To subscribe to our weekly Faith and Family Findings: click here.
child birth

child birth

Radical Assault — Radical Insight

Tags: , , , , , , adolescent sexuality, child birth, child well-being, children, culture, family, family structure, fathers, feminists, MARRI, men, men, mothers, parenthood, Pat Fagan, Uncategorized No comments

The study of how to rebuild society leads initially to the study of how it was dismantled. That leads to many pathways but the central is the Marxist highway, which, though beginning with the commune in the French Revolution really got its start with Das Kapital by Marx and Engels. There they pinpointed family and religion as the two major obstacles. It took a hundred years of study for their intellectual offspring to figure out how to cause a collapse from with both those institutions.  They found one solution for both problems: Sex gone wild, as most graphically illustrated in Mallory Millet’s famous reportage on the pre-founding of the National Organization of Women. Men are suckers for it, and women too – in a very different way.

It is noteworthy that when a marriage or partnership disintegrates the children normally stay with their mother. This springs from the fundamental nature of female sexuality: Her sexual biology is overwhelming in its impact on her boding with her children. Once conceived, her child changes all her biological systems as they regroup to grow the baby in her womb. She gets to know that baby as it grows and takes over so much of her life during those nine months.

Then comes the trip down the birth canal and the eruption of pain and trauma of childbirth, an experience men cannot conceive of nor write about. It ends in the joy of holding her newborn and the instant conclusion it was all worth it. This experience alone would bond both so deeply. But it is followed by an even more intimate form with months of breastfeeding that makes the breast forever central to sexuality for both male and female.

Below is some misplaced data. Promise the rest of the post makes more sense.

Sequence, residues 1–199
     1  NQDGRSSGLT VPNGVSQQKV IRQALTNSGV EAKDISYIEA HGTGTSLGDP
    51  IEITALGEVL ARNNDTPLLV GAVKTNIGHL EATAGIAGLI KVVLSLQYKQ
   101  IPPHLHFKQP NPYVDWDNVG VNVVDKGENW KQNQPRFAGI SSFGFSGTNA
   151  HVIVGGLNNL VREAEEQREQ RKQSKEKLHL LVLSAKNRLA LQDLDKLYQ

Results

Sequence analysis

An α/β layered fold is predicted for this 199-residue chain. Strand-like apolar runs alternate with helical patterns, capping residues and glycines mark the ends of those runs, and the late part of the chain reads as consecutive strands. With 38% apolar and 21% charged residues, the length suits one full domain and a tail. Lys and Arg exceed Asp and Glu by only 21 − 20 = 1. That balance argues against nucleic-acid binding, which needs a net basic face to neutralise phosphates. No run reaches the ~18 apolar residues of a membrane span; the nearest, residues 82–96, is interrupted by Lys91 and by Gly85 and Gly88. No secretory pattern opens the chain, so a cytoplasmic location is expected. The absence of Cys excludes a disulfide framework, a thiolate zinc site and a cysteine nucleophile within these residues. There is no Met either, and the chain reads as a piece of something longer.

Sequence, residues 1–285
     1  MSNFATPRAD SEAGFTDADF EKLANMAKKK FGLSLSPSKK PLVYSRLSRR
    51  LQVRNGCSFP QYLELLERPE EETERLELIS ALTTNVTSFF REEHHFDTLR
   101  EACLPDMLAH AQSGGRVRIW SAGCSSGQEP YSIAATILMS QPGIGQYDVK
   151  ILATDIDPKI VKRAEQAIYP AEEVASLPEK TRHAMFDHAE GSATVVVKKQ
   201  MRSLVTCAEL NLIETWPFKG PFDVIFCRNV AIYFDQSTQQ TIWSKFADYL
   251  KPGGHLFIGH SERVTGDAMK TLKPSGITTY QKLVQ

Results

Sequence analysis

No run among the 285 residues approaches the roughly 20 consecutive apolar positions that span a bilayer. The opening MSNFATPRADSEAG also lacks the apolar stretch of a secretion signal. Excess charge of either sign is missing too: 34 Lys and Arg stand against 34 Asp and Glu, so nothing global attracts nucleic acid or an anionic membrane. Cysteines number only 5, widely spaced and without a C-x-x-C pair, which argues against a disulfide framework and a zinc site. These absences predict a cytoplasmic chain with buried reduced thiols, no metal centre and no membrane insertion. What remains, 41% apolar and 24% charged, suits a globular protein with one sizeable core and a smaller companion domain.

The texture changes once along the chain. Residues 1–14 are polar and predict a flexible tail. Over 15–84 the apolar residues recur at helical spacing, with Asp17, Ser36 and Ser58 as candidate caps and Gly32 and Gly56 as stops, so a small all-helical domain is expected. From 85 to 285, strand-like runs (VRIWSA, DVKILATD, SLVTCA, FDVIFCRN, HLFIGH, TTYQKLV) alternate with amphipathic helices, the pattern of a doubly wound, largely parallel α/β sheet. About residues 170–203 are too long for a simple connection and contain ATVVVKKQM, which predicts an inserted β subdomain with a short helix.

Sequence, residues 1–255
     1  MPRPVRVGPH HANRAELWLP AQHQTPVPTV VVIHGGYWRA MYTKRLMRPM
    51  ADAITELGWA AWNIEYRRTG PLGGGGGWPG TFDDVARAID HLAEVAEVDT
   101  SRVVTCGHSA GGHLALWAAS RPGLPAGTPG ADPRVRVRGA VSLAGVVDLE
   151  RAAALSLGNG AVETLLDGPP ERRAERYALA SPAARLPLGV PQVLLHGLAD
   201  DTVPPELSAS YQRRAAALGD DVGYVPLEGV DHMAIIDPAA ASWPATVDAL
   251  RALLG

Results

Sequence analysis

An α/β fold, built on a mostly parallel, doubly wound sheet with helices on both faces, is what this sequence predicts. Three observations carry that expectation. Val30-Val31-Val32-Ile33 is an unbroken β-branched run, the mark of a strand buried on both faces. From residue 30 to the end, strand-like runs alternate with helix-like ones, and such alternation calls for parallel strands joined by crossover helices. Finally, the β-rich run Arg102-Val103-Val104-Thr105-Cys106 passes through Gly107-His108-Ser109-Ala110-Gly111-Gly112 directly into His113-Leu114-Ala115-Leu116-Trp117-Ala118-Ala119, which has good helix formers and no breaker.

For men, biology does not do anything comparable. A man bonding with his children is essentially an act of his will: A decision carried out repeatedly as he deliberately gets closer to his child. 

In the architecture of family and of society and even of civilization and culture the woman’s irreplaceable contribution is biology; man’s is decision, or will – or good habits.  

If the family is an arch the woman is the blocks while the man is the keystone. 

Pull out the keystone and the arch (the family, society, even civilization) collapses. 

The US feminists of the 1960’s, building on the 40 years work of the Frankfurt School and its Marxist allies, had finally figured out how to cause the collapse that Lenin envisaged: remove the father from the family. (For them the traditional intact married family is the “patriarchal” family).  The “litany chant” at the opening of the study group that led to NOW illustrates the method of removal: Let sex go wild. 

The Supreme Court was a key target and delivered the goods: The right to sex outside of marriage in 1972, to abortion in 1973, to contraceptives down to age 16 without parental consent, to homosexual acts in 2003, to homosexual marriage in 2015.

With each decision the place of the male in the family was notched down and down and down, with increases in all the “toxic masculinities” the APA is seemingly concerned about.